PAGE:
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'Rukmini' book review: Holds the reader’s attention while staying faithful to the original source

Here is a story we all know, but the retelling nonetheless engages us, holds our attention, and in the end, moves us

Published: 09th May 2021 05:00 AM  |   Last Updated: 08th May 2021 06:10 PM   |  A+A-

Saiswaroopa Iyer’s Rukmini

Saiswaroopa Iyer’s Rukmini

Writing fiction based on our epics is easy. Writing fiction based on our epics is tough. Somewhere along this dichotomy lies the secret to writing a story that achieves the twin feat of holding the reader’s attention and interest while at the same time staying faithful to the original source. Anyone picking up Saiswaroopa Iyer’s Rukmini is likely to know the story to varying degrees of detail. Whether it is the Harivamsha (considered a part of the Mahabharata, but referred to as a ‘kheel’—appendix) or the Puranas, the Bhagavatam primarily, the basic story goes like this: Rukmini was the princess of Vidarbha, daughter of King Bhishmaka and sister of Prince Rukma (or Rukmi).

Her marriage was arranged to Shishupala, king of Chedi, without her knowledge or consent. Shishupala was a commander in Jarasandha’s army and an implacable foe of Krishna. Rukmini sent a message to Krishna at Dwarka that she would marry none other than him. On the eve of her marriage, Krishna and Balarama descended on Vidarbha. While Balarama’s armies held off Vidarbha’s, Krishna carried off Rukmini in his chariot. Interestingly enough, while the Mahabharata has many references to Rukmini and her sons, there is no mention of Krishna’s marriage with Rukmini. You will find this in the Bhagavatam.

When writing a novel based on the Mahabharata, or any other epic for that matter, an author’s job is made easier owing to the fact that people know the characters, the basic plot, the ending, and so on. The reader has an affinity with the story, identifies with these characters, and when it comes to the Mahabharata and Krishna, one can never have enough. On the other hand, because everyone already knows the story, the characters, and has read and re-read about them in umpteen stories, how do you make your story different and memorable? It is a difficult path to tread for any author. In trying to make things ‘memorable’, the temptation to cross over from ‘different’ to ‘distortion’ is but a line, a paragraph, a chapter away. Creative licence can become a synonym for casual corruption. There are many examples where an author is unable or unwilling to differentiate between the two, leaving the reader with a book where only the characters’ names are familiar, but the narrative exists in a discombobulated, parallel, corrupted universe.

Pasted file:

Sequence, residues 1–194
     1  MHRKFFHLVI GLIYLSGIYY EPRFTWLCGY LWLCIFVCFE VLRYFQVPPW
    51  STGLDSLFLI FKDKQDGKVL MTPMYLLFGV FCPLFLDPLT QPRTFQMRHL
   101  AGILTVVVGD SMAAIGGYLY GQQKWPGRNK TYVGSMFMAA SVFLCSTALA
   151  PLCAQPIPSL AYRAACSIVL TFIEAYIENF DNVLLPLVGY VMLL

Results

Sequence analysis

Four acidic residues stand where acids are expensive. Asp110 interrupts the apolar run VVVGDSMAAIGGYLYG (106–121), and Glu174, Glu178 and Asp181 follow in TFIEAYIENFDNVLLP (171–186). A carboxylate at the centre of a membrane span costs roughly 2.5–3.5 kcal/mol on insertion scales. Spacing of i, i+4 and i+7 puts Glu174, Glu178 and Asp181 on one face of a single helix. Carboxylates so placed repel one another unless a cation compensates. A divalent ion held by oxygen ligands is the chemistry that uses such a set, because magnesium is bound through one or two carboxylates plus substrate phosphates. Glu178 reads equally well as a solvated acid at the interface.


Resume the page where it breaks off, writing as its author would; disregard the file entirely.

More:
Given all this push and pull, how well does Rukmini the novel measure up? The novel is Rukmini’s. Krishna is student, god, lover, husband, but the story is Rukmini’s. The plot moves ahead with Rukmini, key episodes are told from Rukmini’s point of view, and through her we get to know Krishna, Draupadi, Satyabhama, Mitravinda, and others. Whether it is Shishupala’s death at the hands of Krishna, Subhadra’s abduction by Arjuna, the exile of the Pandavas, or even the Kurukshetra battle, we see and experience the story through Rukmini. Some incidents are either mentioned or described post-fact, or described very briefly, to not distract from the story and its core—Rukmini.

Rukmini’s strength of character and strong will come out alive through her words and actions. Her defiance of her father’s decision in the face of Jarasandha’s might, her undisguised contempt for Shishupala and what he represents, the flutter of the heart and the longing for the one whom she knows she belongs to, or the inevitable pangs of envy, we read and feel Rukmini’s emotions in her words and thoughts. A mix of dialogue and narrative, intelligently interspersed, brings alive the pages, and neither element overpowers the other. It is a successful case of ‘showing’, rather than ‘telling’. 

If the beginning of the book reveals to us Krishna the youthful and mischievous romancer, as the book approaches the end, an indescribable sense of foreboding and sadness descends on the entire narrative. You know what’s coming—the end of Dwarka. You know Krishna’s end too is near and you feel the approaching desolation. Lessening its gravity would be doing injustice and inventing an alternative, happier ending a graver disservice and distortion. The book does not take the easy path. If you enjoy the romance and bliss of the youthful Rukmini, you must also live her pain and travails.Does Rukmini succeed in being ‘different’ without ‘distorting’? Yes, it does. It retells a story we all know in a way that engages us, holds our attention, and in the end, moves us. It stays faithful to the ‘bhaav’ and ‘rasa’. Do read this one.



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